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The unexpected partner(s): a billion viruses

What constitutes a human body? What is it that makes your body, your own? With our research, we begin to break down the human body to investigate the smallest microbial entity residing within it, bacterial viruses, and describe their interactions with human cells.

Electron micrograph of bacteriophages attached to a bacterial cell (source Wikipedia).
Electron micrograph of bacteriophages attached to a bacterial cell (source Wikipedia). Credits: Graham Beards - CC BY-SA 3.0
by Jeremy J. Barr | Lecturer

Jeremy J. Barr is Lecturer at School of Biological Sciences, Monash University, Clayton, Australia.

Edited by

Massimo Caine

Views 366
Reading time 4 min
published on Jun 28, 2018

What constitutes a human body? What is it that makes your body, your own? If we begin to break it down, you can easily see that your body is covered with a layer of hair and skin. Beneath that lie your circulatory systems, bones and organs, such as your lungs, kidneys, and brain, which form large functional units within your body. If we start to go smaller we can begin to look at your individual cells. These cells form large fluid-filled sacks that are responsible for many of the processes and functions that your body performs. Smaller still and we begin to see the trillions of microorganisms that coat and inhabit every twisting corner of your body. Among these microorganisms are the bacteria; tiny single-celled creatures that peacefully live upon and inside of you. These bacteria perform critically important functions, such as helping you digest your food or regulating the time that you fall asleep at night. But the journey does not stop there, smaller still and we find infinitesimally small viruses; yet these viruses do not infect us, they're the good kind of virus.

Bacteriophages, or simply phages for short, are tiny viruses that only attack bacteria. Phages thrive throughout your gut where they "feed" upon the bacteria that live there. They can even act as part of your immune system by protecting you from bacterial diseases. Importantly, phages don't infect human cells and they don't cause disease - as a matter of fact, biology books tell us that they don't interact with us at all.

Yet, contradictory to these teachings, scientists have observed phages in parts of the human body where they shouldn't. Phages have been found in the bloodstream, kidney, liver and even within the brain - all organs of the human body that are considered to be "sterile". If phages cannot interact with human cells, then how are they able to get inside of our bodies and organs?

In an attempt to answer this question my lab at Monash University designed a simple experimental system. We grew a layer of human cells that were isolated from the gut in a small, two-sided, plastic dish. These human cells grew closely together and after about three days of growth, they formed a tight cellular layer. To show that this cell layer had no gaps or holes, we added a blue dye to one side of the cells and measure if any dye was able to leak across. Next, we added phages to one side of the seemingly impermeable cell layers and shockingly found that they were somehow able to cross it.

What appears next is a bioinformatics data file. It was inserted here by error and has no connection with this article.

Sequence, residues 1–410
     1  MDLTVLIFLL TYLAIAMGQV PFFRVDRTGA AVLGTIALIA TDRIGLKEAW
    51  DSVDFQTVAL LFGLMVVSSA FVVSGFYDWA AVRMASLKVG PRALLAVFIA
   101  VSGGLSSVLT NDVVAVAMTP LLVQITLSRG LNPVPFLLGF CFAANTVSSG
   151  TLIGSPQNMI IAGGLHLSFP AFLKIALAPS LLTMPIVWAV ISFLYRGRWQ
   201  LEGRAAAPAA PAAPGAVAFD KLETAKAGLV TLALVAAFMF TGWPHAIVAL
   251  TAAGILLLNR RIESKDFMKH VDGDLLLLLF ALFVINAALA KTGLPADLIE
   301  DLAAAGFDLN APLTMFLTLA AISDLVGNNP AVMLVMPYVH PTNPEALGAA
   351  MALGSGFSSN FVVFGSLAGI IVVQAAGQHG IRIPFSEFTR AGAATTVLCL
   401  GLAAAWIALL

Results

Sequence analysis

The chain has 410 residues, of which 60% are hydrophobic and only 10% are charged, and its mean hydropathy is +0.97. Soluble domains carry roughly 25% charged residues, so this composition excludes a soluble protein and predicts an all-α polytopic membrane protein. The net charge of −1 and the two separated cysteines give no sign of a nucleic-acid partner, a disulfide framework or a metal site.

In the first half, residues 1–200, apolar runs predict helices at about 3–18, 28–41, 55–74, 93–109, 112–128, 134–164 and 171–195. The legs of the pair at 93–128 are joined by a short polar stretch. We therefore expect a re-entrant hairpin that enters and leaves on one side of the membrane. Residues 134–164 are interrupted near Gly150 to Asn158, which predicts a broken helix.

These human cells were using a process known as "endocytosis" to engulf the phage particles. Using powerful microscopes we were able to visualize the tiny phages particles inside of comparatively enormous human cell: the phages were shuttled around the cells inside of membrane-bound vesicles. Most of phages remained trapped inside the human cell and were eventually degraded, but a select few continued their transport and were eventually released on the opposite side of the cell.

Based on these discoveries we collaborated with the Luque lab at San Diego State University to develop a mathematical model to estimate just how many phages the average human body absorbs by this mechanism each day. From microscopy counts, we know there are roughly five billion phages in each gram of human faeces. We were also able to find some very obscure old measurements of the size, volume and surface area of the average human colon (which has a volume of 409 ml if you ever wanted to know). We combined these measurements and estimated a total of two trillion phages living within the gut. With this number, we calculated that the average human body absorbs approximately 31 billion phage particles every day, with these phages being transported through the circulatory system and organs of the body.

We called this mechanism "phage transcytosis" and propose that this is how phages are able to enter into the "sterile" regions of the body; solving the decades-old mystery appearances of phages within the body. This research opens up many more questions than it answers - namely, why do our cells transport phages and what is their function, if any, within the body? These intra-body phages could be protecting us from opportunistic bacterial infections, may regulate our immune systems or even control the cellular processes within our body. At the very least, hopefully, these phages have shown you that your body is much more viral than you had previously thought.

Edited by:

Massimo Caine ,

Original Article:

S. Nguyen et al., Bacteriophage Transcytosis Provides a Mechanism To Cross Epithelial Cell Layers. MBio 8, (2017)

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